Microsoft Patches New Vulnerability, Worm Expected

It’s happening again. A major security vulnerability in Microsoft’s Windows operating system has security experts concerned about widespread attacks even though Microsoft has issued a patch for the problem — this time a security vulnerability in the widely used Abstract Syntax Notation (ASN.1) protocol.

Microsoft, which rated the vulnerability critical, said that by exploiting an unchecked buffer in the Microsoft ASN.1 Library, an attacker could gain complete control of a computer and take action that includes installing programs, changing or deleting data, and creating new user accounts with administrative privileges.

Microsoft has made a patch available for the flaw and pointed out that there are several potentially mitigating factors — such as the need for network access by an attacker — to make the vulnerability readily exploitable. However, security experts likened the flaw to the Remote Procedure Call (RPC) gap that facilitated the MS Blaster worm last year and warned that because of its wide use in a variety of servers, the ASN issue could be devastating.

“The ASN vulnerability has the potential to be perhaps one of the most widely exploited vulnerabilities in the history of computing — and I don’t say that lightly,” iDefense director of malicious code Ken Dunham told TechNewsWorld. “Why we’re so concerned is because ASN is so integrated into everything. It’s a widely used and relied-upon syntax notation in the Windows environment.”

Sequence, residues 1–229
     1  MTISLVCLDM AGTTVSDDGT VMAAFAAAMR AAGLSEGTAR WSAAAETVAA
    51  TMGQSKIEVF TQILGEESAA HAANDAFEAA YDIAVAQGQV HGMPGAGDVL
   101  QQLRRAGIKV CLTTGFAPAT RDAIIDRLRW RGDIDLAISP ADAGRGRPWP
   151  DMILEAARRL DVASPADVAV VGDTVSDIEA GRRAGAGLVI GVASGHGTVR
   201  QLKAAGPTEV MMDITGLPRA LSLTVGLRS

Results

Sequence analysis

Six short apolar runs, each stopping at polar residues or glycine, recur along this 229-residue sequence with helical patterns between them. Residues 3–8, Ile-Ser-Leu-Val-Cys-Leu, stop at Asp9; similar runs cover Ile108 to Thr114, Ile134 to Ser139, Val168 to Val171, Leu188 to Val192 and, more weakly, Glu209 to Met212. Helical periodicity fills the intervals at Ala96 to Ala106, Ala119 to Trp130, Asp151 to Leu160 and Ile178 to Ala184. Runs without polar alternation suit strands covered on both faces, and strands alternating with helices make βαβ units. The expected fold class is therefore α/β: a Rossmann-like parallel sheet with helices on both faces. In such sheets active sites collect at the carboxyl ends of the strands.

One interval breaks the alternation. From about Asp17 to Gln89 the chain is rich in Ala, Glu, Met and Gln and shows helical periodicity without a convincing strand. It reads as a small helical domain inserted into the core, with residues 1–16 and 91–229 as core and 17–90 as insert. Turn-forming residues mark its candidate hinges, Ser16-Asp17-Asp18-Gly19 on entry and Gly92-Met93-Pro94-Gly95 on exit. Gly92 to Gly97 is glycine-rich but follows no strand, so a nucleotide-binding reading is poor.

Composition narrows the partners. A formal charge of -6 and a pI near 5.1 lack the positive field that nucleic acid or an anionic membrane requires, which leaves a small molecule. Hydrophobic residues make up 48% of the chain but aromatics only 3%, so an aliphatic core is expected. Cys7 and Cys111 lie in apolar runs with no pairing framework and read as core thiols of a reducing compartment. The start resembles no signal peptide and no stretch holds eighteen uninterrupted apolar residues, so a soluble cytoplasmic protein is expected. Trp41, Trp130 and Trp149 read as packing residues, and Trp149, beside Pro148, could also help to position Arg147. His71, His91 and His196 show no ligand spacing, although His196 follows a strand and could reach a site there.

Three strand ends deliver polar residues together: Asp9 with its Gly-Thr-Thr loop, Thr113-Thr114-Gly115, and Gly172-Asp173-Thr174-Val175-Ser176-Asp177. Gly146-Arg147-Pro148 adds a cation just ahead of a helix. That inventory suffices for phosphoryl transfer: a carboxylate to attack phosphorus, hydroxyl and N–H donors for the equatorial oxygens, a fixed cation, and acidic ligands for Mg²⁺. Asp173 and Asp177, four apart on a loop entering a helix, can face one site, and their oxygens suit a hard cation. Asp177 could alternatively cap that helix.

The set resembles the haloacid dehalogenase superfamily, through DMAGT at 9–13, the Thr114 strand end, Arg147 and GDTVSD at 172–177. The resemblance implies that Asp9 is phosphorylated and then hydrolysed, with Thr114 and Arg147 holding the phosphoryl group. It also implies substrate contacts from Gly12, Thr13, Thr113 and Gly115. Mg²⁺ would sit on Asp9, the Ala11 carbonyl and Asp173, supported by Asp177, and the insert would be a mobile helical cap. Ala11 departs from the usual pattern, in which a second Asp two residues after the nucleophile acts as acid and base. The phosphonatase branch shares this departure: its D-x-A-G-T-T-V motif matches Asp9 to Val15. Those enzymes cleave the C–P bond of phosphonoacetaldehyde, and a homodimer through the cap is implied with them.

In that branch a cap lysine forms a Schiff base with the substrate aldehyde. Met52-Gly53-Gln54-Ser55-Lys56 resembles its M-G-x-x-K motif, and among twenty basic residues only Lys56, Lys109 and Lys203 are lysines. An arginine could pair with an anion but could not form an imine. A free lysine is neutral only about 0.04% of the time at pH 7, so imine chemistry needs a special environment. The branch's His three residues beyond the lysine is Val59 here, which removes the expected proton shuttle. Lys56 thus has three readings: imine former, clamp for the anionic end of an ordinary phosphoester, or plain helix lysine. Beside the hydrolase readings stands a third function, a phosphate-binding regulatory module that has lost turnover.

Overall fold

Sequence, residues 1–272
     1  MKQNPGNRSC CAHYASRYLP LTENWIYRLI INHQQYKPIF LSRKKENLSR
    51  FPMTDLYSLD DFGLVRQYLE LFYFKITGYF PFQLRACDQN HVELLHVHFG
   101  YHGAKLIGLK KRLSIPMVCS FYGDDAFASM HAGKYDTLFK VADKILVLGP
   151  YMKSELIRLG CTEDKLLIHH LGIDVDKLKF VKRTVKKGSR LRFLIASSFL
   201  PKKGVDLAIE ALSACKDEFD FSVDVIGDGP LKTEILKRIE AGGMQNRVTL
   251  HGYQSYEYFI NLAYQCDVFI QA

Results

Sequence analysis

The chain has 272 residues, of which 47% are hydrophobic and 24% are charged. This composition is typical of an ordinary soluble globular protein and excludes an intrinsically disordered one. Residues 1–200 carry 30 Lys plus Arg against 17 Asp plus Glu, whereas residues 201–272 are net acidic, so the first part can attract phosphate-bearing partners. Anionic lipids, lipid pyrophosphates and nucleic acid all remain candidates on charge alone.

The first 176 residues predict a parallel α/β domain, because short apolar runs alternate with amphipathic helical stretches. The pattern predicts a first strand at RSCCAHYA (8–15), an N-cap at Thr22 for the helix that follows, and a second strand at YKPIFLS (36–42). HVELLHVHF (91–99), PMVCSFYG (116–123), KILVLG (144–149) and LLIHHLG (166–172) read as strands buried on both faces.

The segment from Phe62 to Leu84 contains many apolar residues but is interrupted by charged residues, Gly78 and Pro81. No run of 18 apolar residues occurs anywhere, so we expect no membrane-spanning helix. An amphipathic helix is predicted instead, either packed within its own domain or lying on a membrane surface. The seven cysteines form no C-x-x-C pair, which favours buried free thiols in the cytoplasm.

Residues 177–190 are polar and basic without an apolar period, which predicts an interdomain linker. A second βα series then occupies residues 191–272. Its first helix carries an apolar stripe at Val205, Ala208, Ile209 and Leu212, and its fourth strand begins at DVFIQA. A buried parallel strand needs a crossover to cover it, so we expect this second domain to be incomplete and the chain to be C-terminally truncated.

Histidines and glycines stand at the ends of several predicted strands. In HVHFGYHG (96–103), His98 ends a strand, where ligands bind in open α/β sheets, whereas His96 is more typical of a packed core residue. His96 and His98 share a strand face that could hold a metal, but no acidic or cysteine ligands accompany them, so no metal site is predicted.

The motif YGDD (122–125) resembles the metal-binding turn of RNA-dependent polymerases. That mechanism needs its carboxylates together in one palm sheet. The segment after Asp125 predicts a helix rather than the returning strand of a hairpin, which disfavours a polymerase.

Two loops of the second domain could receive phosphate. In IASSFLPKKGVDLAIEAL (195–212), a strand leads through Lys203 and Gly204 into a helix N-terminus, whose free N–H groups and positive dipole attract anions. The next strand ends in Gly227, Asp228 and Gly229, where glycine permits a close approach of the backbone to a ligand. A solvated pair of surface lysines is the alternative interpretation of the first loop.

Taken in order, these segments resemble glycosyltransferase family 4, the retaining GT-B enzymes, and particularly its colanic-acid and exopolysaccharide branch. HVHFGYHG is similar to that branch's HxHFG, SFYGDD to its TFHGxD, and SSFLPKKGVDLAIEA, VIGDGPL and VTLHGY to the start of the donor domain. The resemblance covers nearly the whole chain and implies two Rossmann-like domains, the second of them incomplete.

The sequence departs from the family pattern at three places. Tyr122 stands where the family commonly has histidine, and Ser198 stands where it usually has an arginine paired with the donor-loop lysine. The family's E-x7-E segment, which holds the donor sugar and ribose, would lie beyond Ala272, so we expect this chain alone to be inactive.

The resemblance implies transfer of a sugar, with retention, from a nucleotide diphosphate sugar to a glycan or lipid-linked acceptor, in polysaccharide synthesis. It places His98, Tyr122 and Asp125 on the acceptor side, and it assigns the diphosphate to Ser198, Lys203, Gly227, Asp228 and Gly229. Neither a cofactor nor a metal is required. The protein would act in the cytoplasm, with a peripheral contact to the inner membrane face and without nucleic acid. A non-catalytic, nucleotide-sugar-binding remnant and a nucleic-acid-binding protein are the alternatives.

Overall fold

Worm Likely

The ASN vulnerability — reported by eEye Digital Security and addressed this week with Microsoft’s monthly security updates — affects all Windows operating systems newer than Windows 98, including NT, 2000, XP and Server 2003. The basic, widely used ASN language is the basis of data communication across various platforms.

Gartner research vice president Richard Stiennon said the security hole is most likely to affect servers, such as Microsoft Internet Information Services (IIS) machines, and might result in a server-spreading worm similar to Code Red or Nimda.

“ASN.1 exposes vulnerable IIS servers over Secure Sockets Layer, so that’s a big problem,” Stiennon told TechNewsWorld. “There are tens of thousands of affected servers, and all your e-commerce sites are doing it, so you could have a worm spread among them. Anybody beyond Windows 98 who browses an infected server could be infected that way. That could be very Nimda-like.”

Stiennon, who correctly predicted the MS Blaster worm after the RPC vulnerability was disclosed, said there definitely will be a worm for the ASN hole and estimated it will emerge within a few weeks.

Exploits and Advantages

Indeed, iDefense’s Dunham reported that his company has tested and validated two exploits for the issue and said the vulnerability disclosure and subsequent discussion of it by underground groups followed a pattern similar to what led up to the Blaster and Code Red outbreaks.

Stiennon said there might be additional mitigating factors this time, however, adding that the Internet is “a lot less porous than it was last year when we saw Blaster.”